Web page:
A man who almost stepped in front of a train at a pedestrian crossing near Hull has his dog to thank for saving his life.
The man was wearing headphones when using the footpath level crossing at Snuff Mill Lane in Cottingham, East Yorkshire. He did not hear the warnings, or pay attention to the signs, and walked through the gate, onto the crossing.
The driver of a Northern train that was approaching the level crossing at around 65mph spotted the pedestrian. “I blew my horn and he didn’t react to it and carried on crossing,” the driver said. “I then put the brake into emergency while continuously blowing the horn.”
The man continued to cross and was within six feet of the tracks, about to step onto them, when his dog saw the train approaching and pulled on the lead, which made the man stop.
Richard Hayden, Network Rail level crossing manager, said: “This incident at Snuff Mill Lane level crossing is shocking, and it’s clear the pedestrian was not paying attention and did not hear the warnings. The consequences could have been fatal if it wasn’t for the man’s dog pulling on the lead.
“We have carried out work at this crossing to improve safety, but it’s crucial that people stop, look and listen. They should concentrate and cross quickly and directly when it is safe to do so. It’s easy to get distracted by music, and the safest option is to remove your headphones when approaching level crossings.”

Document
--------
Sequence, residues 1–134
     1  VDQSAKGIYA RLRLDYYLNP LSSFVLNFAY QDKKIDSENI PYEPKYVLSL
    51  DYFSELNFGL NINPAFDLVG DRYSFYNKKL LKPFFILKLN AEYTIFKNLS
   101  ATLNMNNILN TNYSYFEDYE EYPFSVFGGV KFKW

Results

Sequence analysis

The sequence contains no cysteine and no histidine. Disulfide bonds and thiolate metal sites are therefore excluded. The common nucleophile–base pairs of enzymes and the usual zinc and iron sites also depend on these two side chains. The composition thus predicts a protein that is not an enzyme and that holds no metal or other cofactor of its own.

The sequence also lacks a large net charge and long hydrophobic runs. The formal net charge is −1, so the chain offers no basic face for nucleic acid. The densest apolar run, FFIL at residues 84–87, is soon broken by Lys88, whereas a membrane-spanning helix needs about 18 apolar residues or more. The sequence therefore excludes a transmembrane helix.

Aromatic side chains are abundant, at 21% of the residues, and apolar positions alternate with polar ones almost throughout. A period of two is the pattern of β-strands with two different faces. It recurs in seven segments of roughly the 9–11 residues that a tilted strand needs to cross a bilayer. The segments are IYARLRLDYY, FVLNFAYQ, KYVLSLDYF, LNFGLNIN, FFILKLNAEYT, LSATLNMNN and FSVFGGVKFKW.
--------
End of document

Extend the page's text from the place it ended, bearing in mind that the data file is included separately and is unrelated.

Network Rail carried out work to upgrade Snuff Mill Lane level crossing and improve safety in 2018. A warning device was installed which mimics the sound of a train horn, so pedestrians and cyclists know when a train is approaching. Work has also taken place to improve the surface of the crossing and make the marked areas clearer where people should cross when it is safe to do so.
Even when train drivers pull the emergency brake, it can take up to 2,000 metres before the train comes to a standstill. As well as being unable to stop quickly, trains cannot swerve out of the way, and misusing level crossings could lead to life changing or even fatal consequences.
Steve Hopkinson, regional director at Northern, added: “The rail industry is working closely together to educate people about how to use crossings safely.
“It is only through good fortune – and a very alert dog – that we were not left dealing with tragic circumstances in this incident.
“It is vital that everyone respects the railway and follows guidance and advice to stay safe.”